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Tuesday, May 17, 2022
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Sha'Carri Richardson Returns To Competition At Prefontaine

The sprinter who couldn't run in the Tokyo Olympics because of a positive marijuana test is set to make her return to the track Saturday at the Prefontaine Classic

Sha'Carri Richardson Returns To Competition At Prefontaine
Sha'Carri Richardson's suspension sparked debate over doping rules for marijuana, a drug that is legal in Oregon. | File Photo - AP
Sha'Carri Richardson Returns To Competition At Prefontaine
outlookindia.com
2021-08-21T12:54:48+05:30

Sha'Carri Richardson would prefer to let her running do the talking. (More Sports News)

The sprinter who couldn't run in the Tokyo Olympics because of a positive marijuana test is set to make her return to the track Saturday at the Prefontaine Classic.

The Diamond League meet is at Hayward Field, the same venue where Richardson won the 100 meters at the US Olympic track and field trials in June and became a national sensation with her long, colourful nails and big personality.

"The attention that I was able to bring to the sport, whether it was negative or positive, for the simple fact people are now watching — as track and field athletes we wish we had more attention on the sport, we wished people paid more attention — I'm honored, I would say," she said, adding: "I really don't want to do too much talking. I'm ready to race now."

Richardson's title at the trials was stripped after she tested positive for marijuana shortly after the race. She was handed a 30-day suspension that kept her out of the event in Tokyo and later left off the US team as part of the relay pool, although her suspension would've been completed by the time of the 4x100 race.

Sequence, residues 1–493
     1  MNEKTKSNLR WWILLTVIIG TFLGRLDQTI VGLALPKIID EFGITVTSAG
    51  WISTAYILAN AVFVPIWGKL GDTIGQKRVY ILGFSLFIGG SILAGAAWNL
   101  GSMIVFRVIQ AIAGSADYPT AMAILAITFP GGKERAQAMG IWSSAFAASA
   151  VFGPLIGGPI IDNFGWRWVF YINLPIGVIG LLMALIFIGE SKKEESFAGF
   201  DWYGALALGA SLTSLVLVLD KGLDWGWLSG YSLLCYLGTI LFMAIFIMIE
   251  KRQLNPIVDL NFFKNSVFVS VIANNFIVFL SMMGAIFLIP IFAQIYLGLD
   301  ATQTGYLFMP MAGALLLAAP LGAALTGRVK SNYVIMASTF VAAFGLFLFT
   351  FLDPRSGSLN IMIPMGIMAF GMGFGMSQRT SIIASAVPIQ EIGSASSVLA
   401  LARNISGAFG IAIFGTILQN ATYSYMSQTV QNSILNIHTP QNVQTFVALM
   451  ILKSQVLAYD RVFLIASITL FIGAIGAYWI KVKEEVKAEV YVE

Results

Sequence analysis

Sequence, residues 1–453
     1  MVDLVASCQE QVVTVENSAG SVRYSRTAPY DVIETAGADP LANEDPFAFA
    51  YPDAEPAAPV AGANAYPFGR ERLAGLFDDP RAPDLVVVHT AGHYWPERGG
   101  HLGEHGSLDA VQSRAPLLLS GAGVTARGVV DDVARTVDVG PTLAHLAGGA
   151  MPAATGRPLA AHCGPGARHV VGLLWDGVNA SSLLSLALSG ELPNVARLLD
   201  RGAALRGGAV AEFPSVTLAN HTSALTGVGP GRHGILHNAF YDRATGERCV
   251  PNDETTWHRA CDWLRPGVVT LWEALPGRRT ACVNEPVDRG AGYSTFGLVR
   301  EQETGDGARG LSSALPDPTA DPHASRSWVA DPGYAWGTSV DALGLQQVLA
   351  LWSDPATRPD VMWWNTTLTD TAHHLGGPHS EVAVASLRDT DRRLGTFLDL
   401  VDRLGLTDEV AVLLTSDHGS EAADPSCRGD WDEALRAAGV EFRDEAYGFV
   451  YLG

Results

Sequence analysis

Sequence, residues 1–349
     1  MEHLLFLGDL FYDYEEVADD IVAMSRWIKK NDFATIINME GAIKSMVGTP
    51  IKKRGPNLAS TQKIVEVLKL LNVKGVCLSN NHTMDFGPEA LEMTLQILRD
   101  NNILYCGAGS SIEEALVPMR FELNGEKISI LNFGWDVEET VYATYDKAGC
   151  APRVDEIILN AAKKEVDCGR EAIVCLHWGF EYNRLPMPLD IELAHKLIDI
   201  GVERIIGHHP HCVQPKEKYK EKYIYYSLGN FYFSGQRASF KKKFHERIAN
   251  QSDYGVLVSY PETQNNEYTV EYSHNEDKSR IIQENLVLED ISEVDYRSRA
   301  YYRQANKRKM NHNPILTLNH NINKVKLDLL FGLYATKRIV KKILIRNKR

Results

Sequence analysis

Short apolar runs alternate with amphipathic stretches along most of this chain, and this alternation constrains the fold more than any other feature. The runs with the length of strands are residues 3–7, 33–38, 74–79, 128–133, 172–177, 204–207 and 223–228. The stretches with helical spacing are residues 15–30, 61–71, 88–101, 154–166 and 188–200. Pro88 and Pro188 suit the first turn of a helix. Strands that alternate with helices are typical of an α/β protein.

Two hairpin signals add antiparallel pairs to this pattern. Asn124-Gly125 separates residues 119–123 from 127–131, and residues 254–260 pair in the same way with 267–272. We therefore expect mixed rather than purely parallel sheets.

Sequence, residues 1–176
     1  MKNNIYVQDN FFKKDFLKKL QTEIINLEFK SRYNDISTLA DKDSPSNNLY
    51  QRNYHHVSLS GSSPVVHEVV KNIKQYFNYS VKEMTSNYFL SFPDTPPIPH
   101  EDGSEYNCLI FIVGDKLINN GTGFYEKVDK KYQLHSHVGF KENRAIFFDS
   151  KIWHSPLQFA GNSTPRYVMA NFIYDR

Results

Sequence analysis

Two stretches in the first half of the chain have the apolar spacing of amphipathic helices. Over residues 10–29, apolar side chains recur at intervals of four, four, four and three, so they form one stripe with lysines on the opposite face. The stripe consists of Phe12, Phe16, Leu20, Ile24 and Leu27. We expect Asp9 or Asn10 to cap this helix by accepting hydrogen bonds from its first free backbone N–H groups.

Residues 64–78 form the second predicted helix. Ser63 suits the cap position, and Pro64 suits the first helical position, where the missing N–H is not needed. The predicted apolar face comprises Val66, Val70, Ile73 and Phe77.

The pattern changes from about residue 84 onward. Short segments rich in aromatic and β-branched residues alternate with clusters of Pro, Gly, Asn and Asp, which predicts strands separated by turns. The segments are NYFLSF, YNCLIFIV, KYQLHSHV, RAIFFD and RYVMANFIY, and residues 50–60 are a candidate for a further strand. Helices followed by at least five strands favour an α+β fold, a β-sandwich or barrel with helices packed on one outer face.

The 21-year-old acknowledged the mistake in an interview with the "Today" show after her suspension. She said she used marijuana as a way of coping with her mother's recent death.

"I know what I did and what I'm not supposed to do," she said in the interview.

"I know what I'm not allowed to do, and I still made that decision."

The suspension sparked debate over doping rules for marijuana, a drug that is legal in Oregon.

Richardson is clearly moving on.

"I'm just ready to come back, I'm coming back with the same energy I left the sport with, and I'm eager to bring even more," she said.

Richardson will run the 100 on Saturday, joining all three medallists from the Tokyo Games: Jamaica's Elaine Thompson-Herah, Shelly-Ann Fraser-Pryce and Shericka Jackson.

The race against the Jamaicans was something fans had hoped to see in Japan.

"I'm eager to run against them. I'll bring the best out of them. I hope they bring the best out of me," Richardson said.

Richardson is also entered in the 200, tentatively up against 11-time Olympic medallist Allyson Felix. Gabby Thomas, who earned bronze in the 200 in Tokyo, is in the field as well.

The field for the meet, which kicks off Friday night, includes 47 medallists from the Tokyo Games, including Athing Mu, who won the 800 meters and set an American record.

Other standouts include shot putter Ryan Crouser, who set the world record in his event at the trials in June. Emmanuel Korir of Kenya, who won the 800 in Japan, will again face silver medalist Ferguson Rotich as well as American Bryce Hoppel.

The field for the men's 100 includes Olympic silver medallist Fred Kerley, bronze medallist Andre De Grasse of Canada, and 39-year-old Justin Gatlin.

The Prefontaine Classic, named after renowned Oregon runner Steve Prefontaine, is the eighth stop on the Diamond League schedule and the only US-based meet. This year's star-studded event will serve as a preview for next year's World Championships scheduled at Hayward Field.

Richardson said she watched the Olympic 100 from home, but didn't elaborate. She's spent the past few weeks training and taking care of herself by spending time with the "genuine" people in her life.

"I would be lying to say I block it out, because you can't really block out the negativity," she said about the controversy.

"If anything, I just pay more attention to the positivity. And the fact that there is so much of it, it just overruled the negative."

(AP)

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